A legal fight is brewing fight between Google and French media organisations
Paris (AFP) - French media organisations lodged a complaint against Google to the country’s competition authority Wednesday over the US internet giant’s refusal to pay for displaying their content.
The move sets up a legal fight with Google over a new EU copyright law that could have huge repercussions for the future of the press.
Earlier this year France became the first country to ratify the law, which aims to ensure publishers are compensated when their work is displayed online.
The APIG press alliance, which groups dozens of national and regional newspapers, the union of magazine editors as well as AFP, which has brought a separate complaint, argued that Google is flouting the law.
The new EU rules create so-called neighbouring rights that give a form of copyright protection to media firms when their content is used on websites, search engines and social media platforms.
But Google – which holds a virtual monopoly on internet searches – said articles, pictures and videos will be shown in search results only if media groups consent to let the tech giant use them for free.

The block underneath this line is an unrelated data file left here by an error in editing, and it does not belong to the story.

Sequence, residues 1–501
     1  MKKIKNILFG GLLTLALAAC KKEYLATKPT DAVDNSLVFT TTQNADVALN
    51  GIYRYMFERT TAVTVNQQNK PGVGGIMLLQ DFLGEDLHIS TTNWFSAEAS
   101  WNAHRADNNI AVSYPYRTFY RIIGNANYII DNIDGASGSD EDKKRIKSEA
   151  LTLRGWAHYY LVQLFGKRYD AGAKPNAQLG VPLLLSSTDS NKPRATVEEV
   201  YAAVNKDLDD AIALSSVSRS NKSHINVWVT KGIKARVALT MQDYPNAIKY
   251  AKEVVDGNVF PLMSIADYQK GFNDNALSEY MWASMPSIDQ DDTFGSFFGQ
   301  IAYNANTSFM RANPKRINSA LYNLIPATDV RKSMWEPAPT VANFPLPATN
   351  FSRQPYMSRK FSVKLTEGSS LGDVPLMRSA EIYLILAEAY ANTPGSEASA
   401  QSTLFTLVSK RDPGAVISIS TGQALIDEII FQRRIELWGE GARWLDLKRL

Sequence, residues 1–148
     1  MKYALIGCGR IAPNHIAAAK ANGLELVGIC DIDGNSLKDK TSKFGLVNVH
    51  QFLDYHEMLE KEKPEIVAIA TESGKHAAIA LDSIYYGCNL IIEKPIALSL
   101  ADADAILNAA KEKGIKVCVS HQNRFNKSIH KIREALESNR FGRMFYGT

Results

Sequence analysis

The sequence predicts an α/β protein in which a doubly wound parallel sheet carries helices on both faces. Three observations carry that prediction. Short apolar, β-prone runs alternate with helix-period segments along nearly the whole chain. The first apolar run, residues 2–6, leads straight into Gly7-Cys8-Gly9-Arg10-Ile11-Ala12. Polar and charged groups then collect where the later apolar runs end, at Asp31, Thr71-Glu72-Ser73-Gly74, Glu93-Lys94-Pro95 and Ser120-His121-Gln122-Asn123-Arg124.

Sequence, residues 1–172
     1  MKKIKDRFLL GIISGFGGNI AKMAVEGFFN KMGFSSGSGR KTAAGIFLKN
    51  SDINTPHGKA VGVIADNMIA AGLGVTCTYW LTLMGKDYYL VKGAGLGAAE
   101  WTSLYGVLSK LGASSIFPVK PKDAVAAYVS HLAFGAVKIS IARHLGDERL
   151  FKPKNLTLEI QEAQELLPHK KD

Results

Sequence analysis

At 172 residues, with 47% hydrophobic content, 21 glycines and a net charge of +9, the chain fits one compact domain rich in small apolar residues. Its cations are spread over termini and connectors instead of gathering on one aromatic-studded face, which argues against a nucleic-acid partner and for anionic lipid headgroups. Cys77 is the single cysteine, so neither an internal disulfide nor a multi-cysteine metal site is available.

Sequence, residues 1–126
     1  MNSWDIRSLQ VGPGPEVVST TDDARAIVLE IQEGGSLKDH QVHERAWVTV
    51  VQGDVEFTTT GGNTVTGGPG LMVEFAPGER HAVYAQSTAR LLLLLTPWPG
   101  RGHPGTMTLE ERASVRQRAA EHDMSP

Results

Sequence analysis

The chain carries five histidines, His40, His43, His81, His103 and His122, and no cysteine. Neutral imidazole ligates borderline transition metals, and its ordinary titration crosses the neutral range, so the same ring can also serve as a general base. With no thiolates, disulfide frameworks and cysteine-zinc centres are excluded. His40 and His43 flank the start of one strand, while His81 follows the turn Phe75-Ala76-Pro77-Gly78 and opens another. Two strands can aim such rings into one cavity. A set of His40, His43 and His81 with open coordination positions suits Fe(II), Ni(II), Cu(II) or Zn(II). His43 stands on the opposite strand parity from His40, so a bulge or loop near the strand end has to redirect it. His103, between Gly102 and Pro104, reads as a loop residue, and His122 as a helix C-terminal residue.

- Google ‘abusing’ position -
If they refuse, only a headline and a bare link to the content will appear, Google said, almost certainly resulting in a loss of visibility and potential ad revenue for the publisher.
Google was effectively offering the press a choice about how it would like to die – “either from cholera or the plague”, said Jean-Michel Baylet, the APIG president.
In their complaints to the French competition authority, which has already launched an investigation into Google, the media organisations said the giant is abusing its dominant position in the market.
Google has dismissed their claims but promised to co-operate with the authority.
“Google helps internet users find news content from many sources and the results are always based on relevance, not trade agreements,” it said in a statement to AFP last month.
The company insisted that “publishers have never had so many choices about how their content is displayed on Google.
“The law does not impose a fee for posting links, and European news publishers already derive significant value from the eight billion visits they receive each month from internet users who do searches on Google,” it said.
But French President Emmanuel Macron has already voiced his support for the press, saying that no company can “break free” of the law in France.
More than 1,000 journalists, photographers, filmmakers and media CEOs across Europe signed an open letter last month urging governments to ensure that Google and other internet and social media firms comply with the new EU rule.
Their letter described Google’s move as an insult to national and European sovereignty.